This ongoing life. These choices we make that change everything. Beyond repair. Indeed the becoming of Mother altered me forever. I am still integrating this shift. Still working my inner child and my inner artist in with this mother archetype. Who am I? A complex contradiction. A multifaceted, incalculable being. A woman who is always changing, never the same, not even the woman I was when I wrote the first sentence of this piece. I have said it so many times, but I never know what I am going to write about until I start plowing the itch within. Thank you itch! Thank you sadness. Thank you discomfort. Thank you longing. The longing has been here the whole time. One of my readers at Paper Castle Press (where are you Dan?) reminded me once that “You can never step in the same river twice.” Of course we are all rivers and you can never meet the same being twice, either.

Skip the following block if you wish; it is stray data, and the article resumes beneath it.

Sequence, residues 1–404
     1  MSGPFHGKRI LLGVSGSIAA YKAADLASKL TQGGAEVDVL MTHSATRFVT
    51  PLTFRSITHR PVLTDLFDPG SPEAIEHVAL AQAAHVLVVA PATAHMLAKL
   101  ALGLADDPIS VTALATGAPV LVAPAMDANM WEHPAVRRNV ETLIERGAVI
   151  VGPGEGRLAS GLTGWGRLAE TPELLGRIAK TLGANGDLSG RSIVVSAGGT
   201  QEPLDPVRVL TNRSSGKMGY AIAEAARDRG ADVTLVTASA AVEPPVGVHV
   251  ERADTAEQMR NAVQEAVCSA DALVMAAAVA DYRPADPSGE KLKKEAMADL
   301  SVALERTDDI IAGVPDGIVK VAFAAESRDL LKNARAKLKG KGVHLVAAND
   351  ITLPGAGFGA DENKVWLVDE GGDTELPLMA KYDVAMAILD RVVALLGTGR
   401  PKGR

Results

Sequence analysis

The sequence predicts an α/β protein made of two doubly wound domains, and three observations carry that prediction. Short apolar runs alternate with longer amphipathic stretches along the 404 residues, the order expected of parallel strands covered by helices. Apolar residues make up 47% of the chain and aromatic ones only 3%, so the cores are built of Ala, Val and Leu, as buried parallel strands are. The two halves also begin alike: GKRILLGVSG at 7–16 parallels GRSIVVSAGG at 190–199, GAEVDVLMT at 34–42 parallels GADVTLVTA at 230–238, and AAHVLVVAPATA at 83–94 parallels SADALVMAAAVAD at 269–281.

I am different, and yet I am still somehow here, same as ever. Still focused inwardly and outwardly on some untouchable goal. Like a jewel whose brilliance I see in flashes beneath the ocean, but can never quite find in the dark once I dive. I know it’s there and I keep mining this vein of gold (perhaps now it is more of a diamond mine, made under great pressure) because the flashes of light are intoxicating on a hunt like this, in the dark. I don’t know any other writers who plow the depths of their being like this, aside from my literary godfather Henry Miller. But this is the writing I want to read the most. Raw, real, human struggle and triumph. On the page. Right here. So I’m going to keep going, because Henry isn’t around anymore and while he has left us a wonderful treasure chest of the jewels he mined from within himself and his own life, I feel the wealth of treasures inside me and I know I need to turn myself (gently) inside out to find them. Like a truffle hunter or a hawk circling for mice in a field, I am hell bent and devoted. The instincts are strong. The risks are few. The riches are infinite.
Thank you for coming along on this ride with me, whoever you are. I don’t know who I touch when I write, but at the same time, I know exactly who I’m talking to.
*Sounds pretty bohemian to me!?